The problem with the old model—the "spending time with characters you like" model—is that, as you point out, TV fans increasingly don't watch shows in the old weekly way. I still do, by and large, because I read a lot of TV blogs, and I hate to be too far behind the action. I record my favorite shows, but I rarely wait more than a day—or even an hour—to watch them. But I've also had the experience of watching shows like The Shield, Gilmore Girls, and Battlestar Galactica via DVD sets and cable-network marathons, then making the shift to weekly viewing once I got caught up, and I can see the difference between watching a bunch of episodes in a big chunk, when everything seems to fit together fairly well, and watching them once a week, where a stiff, go-nowhere episode can feel like the beginning of the end.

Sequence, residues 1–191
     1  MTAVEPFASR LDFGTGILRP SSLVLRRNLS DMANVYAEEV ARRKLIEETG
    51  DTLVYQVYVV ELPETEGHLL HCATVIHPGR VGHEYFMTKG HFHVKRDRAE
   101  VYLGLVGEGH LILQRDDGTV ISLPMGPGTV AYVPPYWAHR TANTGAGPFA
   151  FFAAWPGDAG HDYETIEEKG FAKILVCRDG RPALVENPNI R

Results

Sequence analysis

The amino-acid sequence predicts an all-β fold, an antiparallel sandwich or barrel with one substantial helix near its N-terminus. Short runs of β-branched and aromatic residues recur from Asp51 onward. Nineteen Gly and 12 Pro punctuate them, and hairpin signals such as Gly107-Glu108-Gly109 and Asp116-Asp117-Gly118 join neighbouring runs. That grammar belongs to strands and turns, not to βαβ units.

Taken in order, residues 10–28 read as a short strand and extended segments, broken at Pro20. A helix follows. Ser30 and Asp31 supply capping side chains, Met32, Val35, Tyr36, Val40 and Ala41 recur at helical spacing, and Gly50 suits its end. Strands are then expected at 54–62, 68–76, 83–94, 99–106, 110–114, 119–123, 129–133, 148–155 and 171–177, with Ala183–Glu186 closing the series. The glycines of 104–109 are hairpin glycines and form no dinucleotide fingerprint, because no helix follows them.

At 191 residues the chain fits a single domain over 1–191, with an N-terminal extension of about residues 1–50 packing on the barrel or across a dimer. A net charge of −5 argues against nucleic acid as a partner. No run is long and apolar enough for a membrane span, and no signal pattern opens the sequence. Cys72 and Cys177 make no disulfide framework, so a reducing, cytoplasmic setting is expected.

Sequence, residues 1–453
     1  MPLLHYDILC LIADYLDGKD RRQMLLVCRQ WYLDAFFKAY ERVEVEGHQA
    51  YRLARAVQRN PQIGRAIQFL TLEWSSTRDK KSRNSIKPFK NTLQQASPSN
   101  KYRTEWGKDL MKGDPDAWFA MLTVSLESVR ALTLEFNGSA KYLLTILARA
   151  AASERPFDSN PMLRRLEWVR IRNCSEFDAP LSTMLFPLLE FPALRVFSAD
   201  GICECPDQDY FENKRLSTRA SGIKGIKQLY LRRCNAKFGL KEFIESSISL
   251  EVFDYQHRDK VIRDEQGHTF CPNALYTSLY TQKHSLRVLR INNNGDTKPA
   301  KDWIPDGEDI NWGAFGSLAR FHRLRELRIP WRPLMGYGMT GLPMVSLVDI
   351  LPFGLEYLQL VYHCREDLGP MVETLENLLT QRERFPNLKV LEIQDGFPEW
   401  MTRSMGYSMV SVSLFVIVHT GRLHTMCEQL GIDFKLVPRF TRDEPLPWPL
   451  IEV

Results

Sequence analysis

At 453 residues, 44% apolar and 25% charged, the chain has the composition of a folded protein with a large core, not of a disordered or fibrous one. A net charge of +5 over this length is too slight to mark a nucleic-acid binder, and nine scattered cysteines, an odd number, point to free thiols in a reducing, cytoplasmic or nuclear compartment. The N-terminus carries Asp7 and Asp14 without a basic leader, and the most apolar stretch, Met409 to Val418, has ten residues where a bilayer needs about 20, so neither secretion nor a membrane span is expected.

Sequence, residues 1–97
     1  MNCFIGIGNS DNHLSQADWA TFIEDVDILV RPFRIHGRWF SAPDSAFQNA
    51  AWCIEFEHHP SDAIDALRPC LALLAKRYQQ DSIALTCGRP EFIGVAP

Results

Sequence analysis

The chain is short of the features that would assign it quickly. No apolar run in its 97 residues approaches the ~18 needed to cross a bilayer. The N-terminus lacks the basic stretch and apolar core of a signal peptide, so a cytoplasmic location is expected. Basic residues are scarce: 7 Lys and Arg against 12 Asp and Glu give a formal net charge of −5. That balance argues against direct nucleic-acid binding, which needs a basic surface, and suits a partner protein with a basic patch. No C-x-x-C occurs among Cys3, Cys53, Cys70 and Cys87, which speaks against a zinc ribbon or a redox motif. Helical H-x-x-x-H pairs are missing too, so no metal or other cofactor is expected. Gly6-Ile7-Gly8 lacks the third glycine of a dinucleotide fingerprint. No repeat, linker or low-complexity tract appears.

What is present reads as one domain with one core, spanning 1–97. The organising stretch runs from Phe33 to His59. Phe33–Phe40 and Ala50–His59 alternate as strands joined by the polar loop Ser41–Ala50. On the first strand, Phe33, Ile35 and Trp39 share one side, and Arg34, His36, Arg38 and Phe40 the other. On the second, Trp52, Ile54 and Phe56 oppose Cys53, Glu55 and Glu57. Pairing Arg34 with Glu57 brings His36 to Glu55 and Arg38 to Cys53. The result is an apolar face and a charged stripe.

The only comparable dilemma I can think of in any other medium is in comics, where fans increasingly prefer to wait for the trade collections on series they enjoy, rather than buying six or eight issues over the course of a year. Of course, if everyone waits for the trade, the series gets cancelled, and no trade ever gets produced. (Oops.) And some of us still like the feeling of walking into a comics shop and walking out with a stack of floppies, even if they cost way too much—and clutter up the house way too much—for the 15 minutes of entertainment they're going to provide.